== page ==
I generally have little sympathy for people who are ‘caught out’ at ‘point’ restrictions because on the whole they are laid out logically and to miss the restrictions takes quite a lot of effort.
However, sometimes they are not always clear and despite the signs, people still drive through. A ‘point’ restriction is in essence a line across the road over which only some people are allowed to travel (or if we are being pedantic, it could be a very short section of road). Bus gates are a common type of point restriction and the are used to give passengers a journey time advantage over general traffic where drivers have to take a long way round.
A news item caught my eye today regarding a bus gate at Duke, Chelmsford. Essentially a driver has successfully had a PCN (penalty charge notice) overturned by the Traffic Penalty Tribunal on the grounds that the signs were inadequate. An adjudicator apparently visited the site and felt that although the signs for the bus gate were large, they were with other signs which made the installation cluttered.
The driver is a psychologist who thinks there are too many signs for a driver to process at once and that drivers are getting trapped in the area and “panicking”. So we don’t have enough signs, but we have too many at the same time. Essex County Council has said;
Before turning on enforcement cameras in 2017, we increased signage at all junctions, sent more than 3,000 warning notices and painted the words “BUS GATE” in five-foot high letters on the road at both entrances to help make drivers aware of the restrictions.
I do like the sarcasm at the end of the statement in relation to the five-foot high letters!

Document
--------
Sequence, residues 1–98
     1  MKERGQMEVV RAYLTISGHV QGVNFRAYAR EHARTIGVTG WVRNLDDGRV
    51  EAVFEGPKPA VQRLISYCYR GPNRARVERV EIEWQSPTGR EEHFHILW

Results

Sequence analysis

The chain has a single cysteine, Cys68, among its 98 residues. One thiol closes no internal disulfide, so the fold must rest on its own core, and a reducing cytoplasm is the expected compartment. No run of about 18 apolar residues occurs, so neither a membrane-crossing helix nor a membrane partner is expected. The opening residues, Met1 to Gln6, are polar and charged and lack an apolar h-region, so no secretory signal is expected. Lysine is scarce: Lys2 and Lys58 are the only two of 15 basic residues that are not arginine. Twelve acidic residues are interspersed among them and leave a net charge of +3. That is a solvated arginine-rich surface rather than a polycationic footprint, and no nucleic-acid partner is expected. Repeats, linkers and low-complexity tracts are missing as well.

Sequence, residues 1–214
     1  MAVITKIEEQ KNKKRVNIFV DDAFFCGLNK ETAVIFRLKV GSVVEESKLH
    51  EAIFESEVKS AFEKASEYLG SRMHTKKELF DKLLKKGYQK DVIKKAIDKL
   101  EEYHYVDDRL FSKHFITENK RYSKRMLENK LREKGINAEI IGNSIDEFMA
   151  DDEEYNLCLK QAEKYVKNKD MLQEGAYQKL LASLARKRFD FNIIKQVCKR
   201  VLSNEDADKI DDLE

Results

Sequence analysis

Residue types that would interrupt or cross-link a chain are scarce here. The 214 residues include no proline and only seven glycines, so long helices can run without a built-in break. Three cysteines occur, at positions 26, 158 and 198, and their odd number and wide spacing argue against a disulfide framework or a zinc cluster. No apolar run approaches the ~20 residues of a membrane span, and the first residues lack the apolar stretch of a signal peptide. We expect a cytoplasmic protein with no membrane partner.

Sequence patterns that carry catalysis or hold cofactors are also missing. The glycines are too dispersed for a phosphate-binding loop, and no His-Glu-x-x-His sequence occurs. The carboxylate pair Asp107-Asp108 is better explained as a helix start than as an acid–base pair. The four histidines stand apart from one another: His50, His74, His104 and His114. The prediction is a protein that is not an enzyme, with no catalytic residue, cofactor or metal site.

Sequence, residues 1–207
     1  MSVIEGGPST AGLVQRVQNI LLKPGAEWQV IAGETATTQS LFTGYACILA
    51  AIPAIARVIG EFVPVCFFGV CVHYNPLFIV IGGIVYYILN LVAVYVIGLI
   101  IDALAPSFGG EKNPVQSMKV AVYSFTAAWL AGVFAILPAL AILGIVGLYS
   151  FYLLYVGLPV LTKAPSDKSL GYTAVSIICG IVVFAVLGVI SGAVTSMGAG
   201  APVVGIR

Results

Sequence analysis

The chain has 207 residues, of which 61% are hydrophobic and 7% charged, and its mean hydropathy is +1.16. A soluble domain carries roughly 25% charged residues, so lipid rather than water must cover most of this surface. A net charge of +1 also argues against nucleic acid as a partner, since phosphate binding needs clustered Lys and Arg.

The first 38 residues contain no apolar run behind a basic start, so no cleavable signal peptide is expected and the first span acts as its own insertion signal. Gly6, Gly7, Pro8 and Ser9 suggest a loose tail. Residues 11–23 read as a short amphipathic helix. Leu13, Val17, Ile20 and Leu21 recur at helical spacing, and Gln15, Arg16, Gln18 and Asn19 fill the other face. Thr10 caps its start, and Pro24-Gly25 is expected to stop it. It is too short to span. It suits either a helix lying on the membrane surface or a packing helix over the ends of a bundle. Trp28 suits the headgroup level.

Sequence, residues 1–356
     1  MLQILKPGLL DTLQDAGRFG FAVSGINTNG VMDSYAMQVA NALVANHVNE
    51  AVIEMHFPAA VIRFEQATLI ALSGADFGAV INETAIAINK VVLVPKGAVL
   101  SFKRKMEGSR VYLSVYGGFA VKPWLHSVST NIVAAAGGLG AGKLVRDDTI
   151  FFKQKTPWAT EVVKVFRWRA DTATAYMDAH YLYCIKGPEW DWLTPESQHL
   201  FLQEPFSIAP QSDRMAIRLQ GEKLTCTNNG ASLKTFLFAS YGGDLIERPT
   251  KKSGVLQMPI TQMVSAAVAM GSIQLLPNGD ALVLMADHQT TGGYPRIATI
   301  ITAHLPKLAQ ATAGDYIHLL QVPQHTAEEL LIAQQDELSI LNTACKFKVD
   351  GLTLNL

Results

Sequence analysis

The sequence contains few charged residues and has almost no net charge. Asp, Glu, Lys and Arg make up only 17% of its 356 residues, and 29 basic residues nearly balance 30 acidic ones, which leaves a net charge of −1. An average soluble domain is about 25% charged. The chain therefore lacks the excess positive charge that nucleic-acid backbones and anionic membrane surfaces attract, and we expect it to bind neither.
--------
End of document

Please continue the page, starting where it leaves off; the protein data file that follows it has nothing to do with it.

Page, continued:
So what is going on because there are actually plenty of signs in the area and there are indeed five-foot letters saying “BUS GATE” painted on the road. Perhaps more to the point, why am I having an off day by having any sympathy at all?
Chelmsford is a typical UK city which has become a victim of car-centric spatial and transport planning. There are lots of big roads around the place and lots of congestion and the pace of development in the area doesn’t seem to be letting up as some of the old industrial areas become out-of-town-but-in-town retail parks.
However, there is quite an important cycle/ bus/ rail interchange at Chelmsford Station which sits on Duke Street. The bus gate has been placed at a low bridge where the railway crosses the street. As an interchange, there are lots of local and long-distance bus routes converging on the station, there are taxis and private vehicles being used for drop-offs/ collections and the large cycle parking facility helps add to the transport mix.
The bus gate itself actually allows passage by buses, cycles, taxis and motorcycles and the headroom of the bridge restricts larger vehicles (maximum height of 3.8m). The bridge is also narrow and so it operates as a “priority pinch point” which has relevant traffic signs and so therefore, it is fair to say that there is quite a bit going on.